Two men and six women were arrested Sunday night in a Pasco police crackdown on prostitution and sex trafficking.
Efrain Gonzalez, 26, and Edward L. Nelson, 28, both were locked up on suspicion of second-degree promoting prostitution, a felony.
The allegation means they either profited from the prostitution services of another person or aided in the crime being committed, like driving a person to a location knowing it was for prostitution.
Gonzalez, who lives in the Tri-Cities, and Nelson of Kent appeared Monday afternoon in Franklin County Superior Court.
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Judge Jackie Shea Brown set bail at $4,500 each. Prosecutors have until Wednesday to file charges or release them.
While six Tri-City area women were arrested in the sting, police cautioned that they may be victims of sex trafficking.
Four of the women — all in their 20s — were picked up on investigative holds for misdemeanor prostitution.
The two other women, while also suspected of prostitution, were arrested on felony drug charges, said Detective Sgt. Bill Parramore.
The 8-hour operation was led by the Pasco police Street Crimes Unit with help from the Franklin County Prosecutor’s Office. Police asked for advocates with the Support, Advocacy & Resource Center, or SARC, to be available.
Parramore wouldn’t go into detail about how the sting was conducted, but said an undercover officer was involved.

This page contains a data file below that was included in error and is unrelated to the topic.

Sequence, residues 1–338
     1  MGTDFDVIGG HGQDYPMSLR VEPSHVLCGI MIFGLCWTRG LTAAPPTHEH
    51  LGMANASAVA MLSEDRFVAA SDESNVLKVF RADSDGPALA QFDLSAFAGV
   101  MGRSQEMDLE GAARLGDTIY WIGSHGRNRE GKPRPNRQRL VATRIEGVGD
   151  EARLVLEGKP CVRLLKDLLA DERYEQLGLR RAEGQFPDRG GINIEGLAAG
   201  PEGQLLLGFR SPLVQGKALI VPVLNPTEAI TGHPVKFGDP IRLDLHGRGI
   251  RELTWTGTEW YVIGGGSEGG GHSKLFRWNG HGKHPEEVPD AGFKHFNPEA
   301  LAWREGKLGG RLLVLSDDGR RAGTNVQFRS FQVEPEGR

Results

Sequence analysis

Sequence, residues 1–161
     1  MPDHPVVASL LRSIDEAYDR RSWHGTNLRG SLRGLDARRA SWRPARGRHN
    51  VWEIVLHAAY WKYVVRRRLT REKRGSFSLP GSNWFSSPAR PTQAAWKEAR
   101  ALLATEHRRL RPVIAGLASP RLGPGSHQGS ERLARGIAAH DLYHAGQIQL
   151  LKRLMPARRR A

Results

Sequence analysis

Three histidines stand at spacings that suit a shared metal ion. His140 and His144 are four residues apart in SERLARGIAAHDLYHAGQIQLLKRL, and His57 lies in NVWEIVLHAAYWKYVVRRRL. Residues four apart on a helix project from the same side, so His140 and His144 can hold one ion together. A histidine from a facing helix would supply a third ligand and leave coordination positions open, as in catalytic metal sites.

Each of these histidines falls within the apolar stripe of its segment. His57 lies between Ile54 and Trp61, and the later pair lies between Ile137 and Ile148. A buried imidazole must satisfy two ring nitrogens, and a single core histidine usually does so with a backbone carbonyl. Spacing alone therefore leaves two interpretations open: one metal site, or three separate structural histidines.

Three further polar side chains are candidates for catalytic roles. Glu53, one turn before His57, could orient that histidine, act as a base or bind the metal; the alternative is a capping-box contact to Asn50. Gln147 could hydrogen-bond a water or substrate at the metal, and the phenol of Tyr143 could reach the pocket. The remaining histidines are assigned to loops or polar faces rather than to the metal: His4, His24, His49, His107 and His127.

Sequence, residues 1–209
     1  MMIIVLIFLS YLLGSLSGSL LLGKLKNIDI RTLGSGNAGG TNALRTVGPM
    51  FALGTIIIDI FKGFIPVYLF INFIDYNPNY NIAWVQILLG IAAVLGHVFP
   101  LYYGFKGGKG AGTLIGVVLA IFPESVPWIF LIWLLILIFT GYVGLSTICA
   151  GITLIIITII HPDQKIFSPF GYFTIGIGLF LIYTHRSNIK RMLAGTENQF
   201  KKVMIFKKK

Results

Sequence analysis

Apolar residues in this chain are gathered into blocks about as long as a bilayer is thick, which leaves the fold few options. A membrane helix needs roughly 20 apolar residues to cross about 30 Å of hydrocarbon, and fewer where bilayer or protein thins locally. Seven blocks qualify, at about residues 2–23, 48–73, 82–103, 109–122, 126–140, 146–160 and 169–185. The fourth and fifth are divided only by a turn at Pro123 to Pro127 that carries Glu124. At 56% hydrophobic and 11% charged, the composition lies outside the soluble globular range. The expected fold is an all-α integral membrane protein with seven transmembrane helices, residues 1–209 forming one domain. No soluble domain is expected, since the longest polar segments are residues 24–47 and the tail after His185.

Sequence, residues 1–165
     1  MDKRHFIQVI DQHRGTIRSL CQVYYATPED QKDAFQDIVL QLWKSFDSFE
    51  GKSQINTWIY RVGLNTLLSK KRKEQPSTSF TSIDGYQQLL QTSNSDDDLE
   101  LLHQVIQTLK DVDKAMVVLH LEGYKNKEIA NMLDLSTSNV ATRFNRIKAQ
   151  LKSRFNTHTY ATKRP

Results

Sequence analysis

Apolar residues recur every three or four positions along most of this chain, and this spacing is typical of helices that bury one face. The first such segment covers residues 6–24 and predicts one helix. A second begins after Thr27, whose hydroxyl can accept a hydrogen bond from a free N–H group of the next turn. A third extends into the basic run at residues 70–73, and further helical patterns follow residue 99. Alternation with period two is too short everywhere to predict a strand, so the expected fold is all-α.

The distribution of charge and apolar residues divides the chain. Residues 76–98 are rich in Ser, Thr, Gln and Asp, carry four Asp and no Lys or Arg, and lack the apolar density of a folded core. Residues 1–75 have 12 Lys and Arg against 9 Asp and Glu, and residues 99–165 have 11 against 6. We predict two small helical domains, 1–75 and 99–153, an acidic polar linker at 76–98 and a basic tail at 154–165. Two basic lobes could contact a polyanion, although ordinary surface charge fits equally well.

His team tries to do at least one or two similar operations a year, he said.
Parramore said there are more interviews to be done by Detective Jasen McClintock, who’s trained in working with sex trafficking victims, in tandem with SARC resource center advocates to determine if the women were being trafficked or were choosing to prostitute themselves.
Investigators also are trying to finish search warrants on all the vehicles related to the sting, he said.
JoDee Garretson, SARC’s executive director, said the Richland-based agency was pleased that police thought to include victim services in the operation.
The Support, Advocacy & Resource Center provides around-the-clock crisis services, support and advocacy to survivors of sexual violence and human trafficking and their relatives in Benton and Franklin counties.
Since May 2017, the agency has had 126 new clients all related to sex trafficking. Of those new clients, 46 percent are teenagers.
Advocates currently are working with sex-trafficking survivors from age 2 to the early 60s, she said.
Garretson said it is a larger problem in the area than they anticipated, and the agency is in need of more staff to keep up with the demand.
“It’s just surprising to learn what is actually happening and important for people to understand,” she said.
Sex trafficking, like prostitution, involves the exchange of something of value for a sexual act.
The difference is that with adults, there needs to be force, fraud or coercion to qualify as sex trafficking, Garretson said.
Juveniles under 18 don’t have that requirement because, even if a teen agrees to sex with an adult for money, they cannot legally consent because of their age.
People who need help with an abuse situation can call the hotline at 509-374-5391.